Eastern Shore Rabbit Rescue Awarded Emergency Rescue Grant
House Rabbit Society provides $1,000 to ESRREC to prepare “Denton Bunnies” for adoption
FOR IMMEDIATE RELEASE
May 28, 2018
Contact: Cora Dickson, email@example.com
Eastern Shore Rabbit Rescue and Education Center, Inc. (ESRREC) on the Chesapeake Bay of Maryland, today announced it has been awarded a $1,000 grant from the House Rabbit Society, a national organization. The grant will specifically assist with the spay/neuter costs of 50 abandoned pet rabbits that were recently captured in Caroline County.
“We are so grateful to the House Rabbit Society for their contribution towards this large-scale effort,” said Cora Dickson, President of ESRREC.
Earlier this month ESRREC received a call for help from Caroline County Animal Control (affiliated with Caroline County Humane Society). A Denton resident had noticed a large number of what appeared to be domesticated rabbits wandering around the backyard for the past several years. It had finally reached the point where it seemed like something needed to be done but they didn’t want any harm to come to the rabbits. Unfortunately, with their lagomorph instincts, most of them had burrowed under a large wooden gazebo.
On May 9, the volunteers from ESRREC joined Caroline County Animal Control at the Denton property. In total that day, 12 rabbits were captured. A local company, Knotts Towing, brought a truck to lift the gazebo, allowing the rescuers to get underneath and catch rabbits. The following week, an additional 7 rabbits were captured including some babies that were less than a month old. A few stragglers were captured in subsequent days with live traps. The final number of survivors was 20. However, 5 of these were pregnant and the total quickly increased to 50. [Click here to watch the WBOC news clip (May 21, 2018).]
The Denton Bunnies will be available for foster and/or adoption from Caroline County Humane Society when they are medically cleared including spay/neuter. Additional donations are being solicited by ESRREC because the total cost to spay/neuter all 50 rabbits is estimated to be at least $5,000. ESRREC volunteers who live in Ridgely are assisting Caroline Humane on a daily basis with the Denton Bunnies, as well as fostering the nursing mothers and newborns.
ESRREC and Caroline Humane are also partnering to hold an educational seminar, “Bunny Care Basics,” on Saturday, June 2 at the Ridgely Firehouse to help potential adopters understand rabbit needs and behavior. As part of the seminar, attendees can meet several of the Denton Bunnies, who — despite their rough life – are quickly getting accustomed to being handled by humans. Now safely indoors, they will no longer fear for their lives in the face of extreme weather, predators, and disease.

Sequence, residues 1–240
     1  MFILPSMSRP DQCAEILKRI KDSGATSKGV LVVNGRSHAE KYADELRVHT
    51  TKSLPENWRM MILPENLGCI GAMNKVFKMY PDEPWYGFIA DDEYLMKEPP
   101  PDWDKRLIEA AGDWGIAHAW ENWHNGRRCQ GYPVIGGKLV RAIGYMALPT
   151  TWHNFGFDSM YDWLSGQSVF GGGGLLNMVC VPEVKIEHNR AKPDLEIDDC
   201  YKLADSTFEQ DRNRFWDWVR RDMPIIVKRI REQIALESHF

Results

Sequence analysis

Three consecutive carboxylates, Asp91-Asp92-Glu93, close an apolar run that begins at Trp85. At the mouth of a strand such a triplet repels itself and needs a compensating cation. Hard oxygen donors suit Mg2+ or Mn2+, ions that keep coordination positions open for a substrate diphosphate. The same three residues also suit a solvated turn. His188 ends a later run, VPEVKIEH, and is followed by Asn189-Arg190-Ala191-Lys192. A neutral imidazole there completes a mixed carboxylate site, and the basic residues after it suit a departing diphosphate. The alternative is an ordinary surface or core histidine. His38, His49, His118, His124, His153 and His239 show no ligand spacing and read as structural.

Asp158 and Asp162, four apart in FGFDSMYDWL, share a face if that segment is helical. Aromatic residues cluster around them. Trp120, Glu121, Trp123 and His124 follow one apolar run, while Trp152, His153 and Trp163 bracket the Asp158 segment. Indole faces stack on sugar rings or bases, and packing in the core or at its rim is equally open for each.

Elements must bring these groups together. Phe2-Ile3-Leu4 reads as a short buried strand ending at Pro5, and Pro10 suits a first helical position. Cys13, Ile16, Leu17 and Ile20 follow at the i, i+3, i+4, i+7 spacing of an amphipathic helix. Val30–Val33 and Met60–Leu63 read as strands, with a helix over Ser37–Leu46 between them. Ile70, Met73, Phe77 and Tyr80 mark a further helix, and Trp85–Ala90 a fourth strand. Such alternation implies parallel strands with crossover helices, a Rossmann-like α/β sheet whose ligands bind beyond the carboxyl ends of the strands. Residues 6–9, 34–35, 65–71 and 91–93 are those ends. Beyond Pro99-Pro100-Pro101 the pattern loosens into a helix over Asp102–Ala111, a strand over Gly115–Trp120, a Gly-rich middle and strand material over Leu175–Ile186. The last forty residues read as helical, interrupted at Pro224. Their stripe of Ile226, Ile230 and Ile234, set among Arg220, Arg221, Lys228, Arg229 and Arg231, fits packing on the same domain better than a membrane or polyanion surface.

ESRREC, a nonprofit organization that provides temporary shelter and helps find forever homes for pet rabbits, is the only rabbit rescue serving the Eastern Shore. Since it opened its Main Street shelter in April 2015, ESRREC has taken in 122 rabbits, facilitated adoptions for 80 rabbits, and spayed/neutered 94 rabbits.
For more information about ESRREC or the House Rabbit Society, visit www.esrrec.org or www.rabbit.org.
The Eastern Shore Rabbit Rescue and Education Center (ESRREC), is based in Rock Hall, Maryland. ESRREC ensures the health, safety and emotional well-being of abandoned pet rabbits on Maryland’s Eastern Shore through shelter and care, with guidance to the families who adopt them as companion animals. ESRREC is a nonprofit corporation and has 501(c)(3) status. ESRREC relies on volunteers and donations to support its mission. Its geographic coverage focuses primarily on five Maryland counties to the east of the Chesapeake Bay: Kent, Queen Anne’s, Cecil, Talbot, and Caroline. ESRREC also conducts outreach activities in neighboring Delaware.
About the House Rabbit Society
The House Rabbit Society (HRS) is a non-profit activist organization based in Richmond, California that rescues and adopts rabbits and educates the community with its curriculum on rabbit care. The HRS promotes responsible rabbit ownership, including the spaying and neutering of all pet rabbits, proper veterinary care, diet, and exercise. Since its founding in 1988, the HRS has grown from a handful of fosterers in the San Francisco Bay Area to having 28 chapters in 22 states, with educators and fosterers in an additional 15 states. The HRS also has chapters in Australia, Canada and Italy, as well as educators and fosterers in 7 countries outside the United States (New Zealand, Switzerland, Greece, Hong Kong, Singapore, Mexico, and Bangladesh).
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